November is a time of thanks and a time of giving. We’re marking the occasion by recognizing John Kell, an impressive STEAM educator who constantly gives his all and more to students, as our featured Outstanding Educator Spotlight this month.
An eighth-grade math teacher and STEAM Instructor for grades 1-8 at Daisy Gibson Elementary in Palmdale, CA, John Kell has spent 18 years and counting at the school, mentoring and guiding students toward higher academics and fields of STEM through after-school activities, hands-on projects, and continued awareness. His program won the Gold Ribbon award for being a CA distinguished school with a STEAM focus, and he is also the director of the FEMINEERS (Female Engineers). This separate after-school program focuses on empowering girls toward STEAM-related college and career fields.
Continue reading to learn more about John and his passion for bringing STEAM into the classroom.
1. What are some of your key learnings from the last two years that you’ll continue to use in 2022 and beyond?
As a STEAM educator, when the pandemic hit, I feared that I would not be able to promote the same engagement with my students. However, I had a moment to decide that this was actually the best time to truly incorporate a Flipped Classroom Learning model, where I could intentionally implement the four pillars of this pedagogical approach and allow me to move from whole group direct and guided instruction into a more individualistic, student-centered learning environment.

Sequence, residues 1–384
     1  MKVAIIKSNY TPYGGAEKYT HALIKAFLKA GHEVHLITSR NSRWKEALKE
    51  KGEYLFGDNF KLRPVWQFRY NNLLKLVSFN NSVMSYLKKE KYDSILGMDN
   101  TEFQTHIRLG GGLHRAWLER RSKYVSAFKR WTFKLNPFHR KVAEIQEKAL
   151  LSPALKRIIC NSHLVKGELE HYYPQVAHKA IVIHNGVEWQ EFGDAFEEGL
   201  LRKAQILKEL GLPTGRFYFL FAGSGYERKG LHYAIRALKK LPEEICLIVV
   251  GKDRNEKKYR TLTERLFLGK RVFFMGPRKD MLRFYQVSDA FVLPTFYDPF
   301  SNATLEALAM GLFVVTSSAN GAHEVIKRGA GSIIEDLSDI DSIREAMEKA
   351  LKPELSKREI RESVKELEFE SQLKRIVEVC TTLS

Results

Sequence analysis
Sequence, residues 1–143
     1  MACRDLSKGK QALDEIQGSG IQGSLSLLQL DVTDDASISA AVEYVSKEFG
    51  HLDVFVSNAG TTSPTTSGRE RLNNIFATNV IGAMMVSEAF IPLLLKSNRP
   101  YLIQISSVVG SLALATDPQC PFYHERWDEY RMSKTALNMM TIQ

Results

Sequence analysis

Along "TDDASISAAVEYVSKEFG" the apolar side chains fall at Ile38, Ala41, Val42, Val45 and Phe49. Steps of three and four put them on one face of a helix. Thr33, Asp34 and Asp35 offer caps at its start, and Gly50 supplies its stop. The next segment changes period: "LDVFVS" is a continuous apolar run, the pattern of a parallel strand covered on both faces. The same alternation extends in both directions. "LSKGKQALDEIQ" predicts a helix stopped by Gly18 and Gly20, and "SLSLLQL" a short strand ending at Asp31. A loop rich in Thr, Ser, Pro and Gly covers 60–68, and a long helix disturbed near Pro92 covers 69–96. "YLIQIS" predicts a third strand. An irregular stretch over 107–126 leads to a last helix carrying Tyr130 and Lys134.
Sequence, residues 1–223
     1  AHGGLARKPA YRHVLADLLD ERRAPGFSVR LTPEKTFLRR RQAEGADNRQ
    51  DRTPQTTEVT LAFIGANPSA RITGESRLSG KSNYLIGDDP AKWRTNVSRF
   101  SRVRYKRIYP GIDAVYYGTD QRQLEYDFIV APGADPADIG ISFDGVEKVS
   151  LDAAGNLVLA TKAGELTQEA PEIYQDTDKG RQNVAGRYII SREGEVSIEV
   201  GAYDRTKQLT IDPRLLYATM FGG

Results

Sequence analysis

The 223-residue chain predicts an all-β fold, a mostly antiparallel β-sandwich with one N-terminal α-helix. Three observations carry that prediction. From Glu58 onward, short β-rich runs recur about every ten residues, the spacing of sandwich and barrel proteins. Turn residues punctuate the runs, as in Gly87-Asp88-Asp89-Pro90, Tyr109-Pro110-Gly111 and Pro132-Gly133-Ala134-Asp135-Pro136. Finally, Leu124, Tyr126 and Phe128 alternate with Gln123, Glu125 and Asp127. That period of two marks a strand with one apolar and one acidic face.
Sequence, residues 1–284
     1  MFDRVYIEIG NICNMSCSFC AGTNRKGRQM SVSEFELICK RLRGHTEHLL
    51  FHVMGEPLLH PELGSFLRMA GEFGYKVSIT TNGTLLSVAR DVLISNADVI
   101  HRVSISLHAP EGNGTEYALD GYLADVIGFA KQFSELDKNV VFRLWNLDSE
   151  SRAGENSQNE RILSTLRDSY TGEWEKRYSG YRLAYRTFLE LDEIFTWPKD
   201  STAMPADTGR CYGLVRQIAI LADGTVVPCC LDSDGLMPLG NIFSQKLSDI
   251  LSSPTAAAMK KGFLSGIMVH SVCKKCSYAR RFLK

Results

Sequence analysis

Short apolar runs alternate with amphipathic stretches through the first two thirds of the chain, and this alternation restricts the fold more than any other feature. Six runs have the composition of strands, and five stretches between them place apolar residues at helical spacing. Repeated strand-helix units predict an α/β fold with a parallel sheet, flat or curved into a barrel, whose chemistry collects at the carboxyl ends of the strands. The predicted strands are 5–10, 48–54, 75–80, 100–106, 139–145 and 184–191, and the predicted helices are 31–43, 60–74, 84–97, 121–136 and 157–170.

Google Classroom provided me with a platform that allowed for flexible expectations and timelines of my students, as well as a transparent way to assess them formally and informally. Flipgrid is another wonderful tool that was really the center point of my flipped learning approach as I increasingly went from instructor to facilitator by allowing students a greater voice in their learning. Padlet, an online post-it note tool, is another wonderful resource that helped me assess students quickly to determine where the lesson would begin and how much reteaching or frontloading I might need to do. Finally, my students and I used VISME for interactive presentations, infographics, and concept maps. Unfortunately, VISME comes with a cost attached, so I no longer use this platform.
Today, I continue to use flipped learning in the classroom, and while it has its challenges, the benefits far outweigh them with the tools and resources that the students and I both use that stemmed from necessity over the past couple of years.
2. What have been your favorite Ozobot projects recently? What impact did they have on your students?
There are three ways I use Ozobot at my school and beyond. First is during summer school, where I am the STEAM educator in charge of developing STEAM activities for grades 1 – 8 incoming. I use Ozobot for grades 1 – 5, starting in grades 1 – 3 with Color Codes and moving into block coding for grades 4 and 5 with Ozobot Blockly.